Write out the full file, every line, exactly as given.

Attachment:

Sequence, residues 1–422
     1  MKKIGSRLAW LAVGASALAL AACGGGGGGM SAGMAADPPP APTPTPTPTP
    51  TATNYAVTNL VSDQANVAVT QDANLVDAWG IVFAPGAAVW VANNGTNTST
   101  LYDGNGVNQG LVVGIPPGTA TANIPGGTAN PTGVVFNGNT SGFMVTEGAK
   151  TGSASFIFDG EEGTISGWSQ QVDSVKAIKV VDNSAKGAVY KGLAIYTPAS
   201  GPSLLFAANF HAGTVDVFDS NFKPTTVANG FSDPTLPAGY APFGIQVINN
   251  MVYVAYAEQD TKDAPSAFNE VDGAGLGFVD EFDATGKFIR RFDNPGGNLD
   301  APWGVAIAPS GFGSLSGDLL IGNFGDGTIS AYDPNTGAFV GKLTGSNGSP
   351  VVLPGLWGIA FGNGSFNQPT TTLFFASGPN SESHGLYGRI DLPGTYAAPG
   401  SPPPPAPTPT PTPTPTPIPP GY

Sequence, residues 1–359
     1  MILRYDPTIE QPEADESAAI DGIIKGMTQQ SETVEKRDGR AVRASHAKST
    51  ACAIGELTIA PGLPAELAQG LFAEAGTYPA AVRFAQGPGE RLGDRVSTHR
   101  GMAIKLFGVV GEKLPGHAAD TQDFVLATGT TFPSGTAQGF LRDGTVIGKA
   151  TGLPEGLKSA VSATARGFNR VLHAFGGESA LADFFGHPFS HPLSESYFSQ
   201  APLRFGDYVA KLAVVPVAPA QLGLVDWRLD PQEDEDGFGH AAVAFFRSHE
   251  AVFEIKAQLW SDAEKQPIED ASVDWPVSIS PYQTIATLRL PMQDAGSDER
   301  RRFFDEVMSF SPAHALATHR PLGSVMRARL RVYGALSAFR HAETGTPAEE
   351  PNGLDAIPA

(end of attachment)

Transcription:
Sequence, residues 1–422
     1  MKKIGSRLAW LAVGASALAL AACGGGGGGM SAGMAADPPP APTPTPTPTP
    51  TATNYAVTNL VSDQANVAVT QDANLVDAWG IVFAPGAAVW VANNGTNTST
   101  LYDGNGVNQG LVVGIPPGTA TANIPGGTAN PTGVVFNGNT SGFMVTEGAK
   151  TGSASFIFDG EEGTISGWSQ QVDSVKAIKV VDNSAKGAVY KGLAIYTPAS
   201  GPSLLFAANF HAGTVDVFDS NFKPTTVANG FSDPTLPAGY APFGIQVINN
   251  MVYVAYAEQD TKDAPSAFNE VDGAGLGFVD EFDATGKFIR RFDNPGGNLD
   301  APWGVAIAPS GFGSLSGDLL IGNFGDGTIS AYDPNTGAFV GKLTGSNGSP
   351  VVLPGLWGIA FGNGSFNQPT TTLFFASGPN SESHGLYGRI DLPGTYAAPG
   401  SPPPPAPTPT PTPTPTPIPP GY

Sequence, residues 1–359
     1  MILRYDPTIE QPEADESAAI DGIIKGMTQQ SETVEKRDGR AVRASHAKST
    51  ACAIGELTIA PGLPAELAQG LFAEAGTYPA AVRFAQGPGE RLGDRVSTHR
   101  GMAIKLFGVV GEKLPGHAAD TQDFVLATGT TFPSGTAQGF LRDGTVIGKA
   151  TGLPEGLKSA VSATARGFNR VLHAFGGESA LADFFGHPFS HPLSESYFSQ
   201  APLRFGDYVA KLAVVPVAPA QLGLVDWRLD PQEDEDGFGH AAVAFFRSHE
   251  AVFEIKAQLW SDAEKQPIED ASVDWPVSIS PYQTIATLRL PMQDAGSDER
   301  RRFFDEVMSF SPAHALATHR PLGSVMRARL RVYGALSAFR HAETGTPAEE
   351  PNGLDAIPA